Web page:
As Beijing's trade negotiators edge towards a deal with Washington, China's top court has said it will strengthen protection of intellectual property (IP) rights this year.
Supreme People's Court Chief Justice and president Zhou Qiang said yesterday that this is one of the ways the courts could "ensure continued economic growth and social stability", a key task for the coming year.
In the past year, the courts have handled more than 288,000 IP cases, an increase of 41.8 per cent from the year before, said Mr Zhou.
"We have built a national level appeal mechanism for intellectual property rights protection, and established an IP court under the Supreme People's Court," Mr Zhou said at a plenary meeting of the National People's Congress (NPC), China's legislature.
He added that the courts would also better protect the legal rights of private businesses in order to allow entrepreneurs to "focus on starting businesses, feel assured about their investments and run their businesses with peace of mind".
China's patchy record in protecting intellectual property has long been an American concern.
Mr Zhou's comments came hours after China's top trade negotiator, Vice-Premier Liu He, spoke by phone with US Trade Representative Robert Lighthizer and Treasury Secretary Steven Mnuchin.
State news agency Xinhua said both sides discussed the text of the trade deal and "made a plan for the next stage of work arrangements", without giving further details.
The two countries are locked in a bitter trade war that has seen tariffs slapped on billions of dollars of goods from both sides.
But after several rounds of trade talks, the world's two biggest economies seem to be inching toward an agreement.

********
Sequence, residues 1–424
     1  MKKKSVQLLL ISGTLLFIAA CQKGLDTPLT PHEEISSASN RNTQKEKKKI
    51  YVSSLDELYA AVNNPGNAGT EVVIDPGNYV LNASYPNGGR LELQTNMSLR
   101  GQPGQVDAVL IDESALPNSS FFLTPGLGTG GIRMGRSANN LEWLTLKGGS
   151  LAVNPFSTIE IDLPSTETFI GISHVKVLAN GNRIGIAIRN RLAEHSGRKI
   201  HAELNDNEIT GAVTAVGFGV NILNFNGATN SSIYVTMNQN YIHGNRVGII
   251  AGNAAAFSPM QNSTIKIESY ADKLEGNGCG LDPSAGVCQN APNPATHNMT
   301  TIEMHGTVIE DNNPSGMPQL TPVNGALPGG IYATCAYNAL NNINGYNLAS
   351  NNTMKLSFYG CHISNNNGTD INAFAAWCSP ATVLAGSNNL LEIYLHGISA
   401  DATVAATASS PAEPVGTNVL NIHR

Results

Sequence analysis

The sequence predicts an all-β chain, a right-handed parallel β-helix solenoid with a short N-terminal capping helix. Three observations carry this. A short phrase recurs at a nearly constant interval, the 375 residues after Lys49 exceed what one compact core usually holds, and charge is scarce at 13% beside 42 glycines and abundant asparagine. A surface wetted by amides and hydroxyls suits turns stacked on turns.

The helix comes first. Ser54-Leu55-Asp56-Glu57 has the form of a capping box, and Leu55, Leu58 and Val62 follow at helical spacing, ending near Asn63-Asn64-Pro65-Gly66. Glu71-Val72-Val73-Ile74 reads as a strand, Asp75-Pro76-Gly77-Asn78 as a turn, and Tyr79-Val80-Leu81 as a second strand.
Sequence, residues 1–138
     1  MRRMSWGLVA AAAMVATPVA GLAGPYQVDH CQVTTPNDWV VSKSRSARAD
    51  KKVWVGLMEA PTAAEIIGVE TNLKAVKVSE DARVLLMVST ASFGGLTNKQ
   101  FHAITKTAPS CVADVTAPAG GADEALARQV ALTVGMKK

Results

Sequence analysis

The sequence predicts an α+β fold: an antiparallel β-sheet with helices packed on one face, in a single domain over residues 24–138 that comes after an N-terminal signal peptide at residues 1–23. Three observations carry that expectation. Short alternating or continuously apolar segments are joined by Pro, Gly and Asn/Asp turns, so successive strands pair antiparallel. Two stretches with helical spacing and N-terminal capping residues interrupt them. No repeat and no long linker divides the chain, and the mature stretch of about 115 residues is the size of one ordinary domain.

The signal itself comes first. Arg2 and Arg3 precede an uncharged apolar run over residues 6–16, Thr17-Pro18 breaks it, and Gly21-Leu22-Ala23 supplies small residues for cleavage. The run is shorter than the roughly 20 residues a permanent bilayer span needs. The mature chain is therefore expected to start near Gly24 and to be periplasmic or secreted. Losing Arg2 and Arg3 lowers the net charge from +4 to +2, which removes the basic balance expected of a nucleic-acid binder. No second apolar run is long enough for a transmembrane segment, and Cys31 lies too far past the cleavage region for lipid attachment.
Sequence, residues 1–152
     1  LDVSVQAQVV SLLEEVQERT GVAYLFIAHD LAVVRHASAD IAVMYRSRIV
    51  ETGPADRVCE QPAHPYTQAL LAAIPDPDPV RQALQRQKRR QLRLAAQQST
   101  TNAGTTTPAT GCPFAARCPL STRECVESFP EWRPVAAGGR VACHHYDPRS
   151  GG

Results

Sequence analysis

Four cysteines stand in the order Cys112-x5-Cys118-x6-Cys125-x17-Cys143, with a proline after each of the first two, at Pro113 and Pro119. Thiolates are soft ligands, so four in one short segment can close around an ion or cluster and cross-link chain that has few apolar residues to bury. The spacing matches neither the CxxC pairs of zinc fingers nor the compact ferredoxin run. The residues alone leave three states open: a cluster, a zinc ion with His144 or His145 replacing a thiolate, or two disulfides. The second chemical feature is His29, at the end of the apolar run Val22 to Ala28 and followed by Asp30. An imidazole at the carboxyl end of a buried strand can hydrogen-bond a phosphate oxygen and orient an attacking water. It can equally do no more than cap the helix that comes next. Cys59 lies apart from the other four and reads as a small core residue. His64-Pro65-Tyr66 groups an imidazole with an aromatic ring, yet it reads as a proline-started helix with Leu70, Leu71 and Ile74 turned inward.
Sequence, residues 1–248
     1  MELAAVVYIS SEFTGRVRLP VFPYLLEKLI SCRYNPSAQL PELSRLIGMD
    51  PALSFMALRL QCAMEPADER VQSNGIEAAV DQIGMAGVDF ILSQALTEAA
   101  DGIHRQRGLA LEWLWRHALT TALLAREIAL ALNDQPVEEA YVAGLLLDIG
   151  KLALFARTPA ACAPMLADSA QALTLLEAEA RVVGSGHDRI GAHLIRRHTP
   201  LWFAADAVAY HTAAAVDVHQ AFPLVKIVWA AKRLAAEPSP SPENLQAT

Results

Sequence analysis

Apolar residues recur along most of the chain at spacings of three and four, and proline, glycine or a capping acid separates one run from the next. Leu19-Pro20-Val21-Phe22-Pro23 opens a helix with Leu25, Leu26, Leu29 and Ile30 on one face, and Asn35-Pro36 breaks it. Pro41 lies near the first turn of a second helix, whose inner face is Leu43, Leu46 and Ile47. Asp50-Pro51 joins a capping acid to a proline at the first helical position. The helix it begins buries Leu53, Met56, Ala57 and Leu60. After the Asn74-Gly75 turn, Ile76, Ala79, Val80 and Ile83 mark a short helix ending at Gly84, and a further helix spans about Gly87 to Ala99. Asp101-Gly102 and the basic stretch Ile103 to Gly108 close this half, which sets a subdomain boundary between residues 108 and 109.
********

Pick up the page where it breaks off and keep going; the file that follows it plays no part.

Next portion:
Officials said previously that Beijing was turning its focus on IP protection as a necessary component of its ongoing economic reforms and not because of external pressure.
But it has also set in motion measures to better safeguard such rights since a truce in the trade war was declared last December.
Apart from setting up the IP court that Mr Zhou mentioned, the NPC is also expected to pass a foreign investment law on Friday that will ban forced technology transfers from foreign companies to their Chinese partners.
And yesterday, China's National Intellectual Property Administration told reporters that the country would be beefing up its IP protection regime in several ways.
These include setting up a batch of IP protection centres to handle related matters, and reducing the time taken to review the filing of high-value patents.
The administration's head, Mr Shen Changyu, said China's patent law was being revised to put in place stiffer punishments for those who infringe IP rights.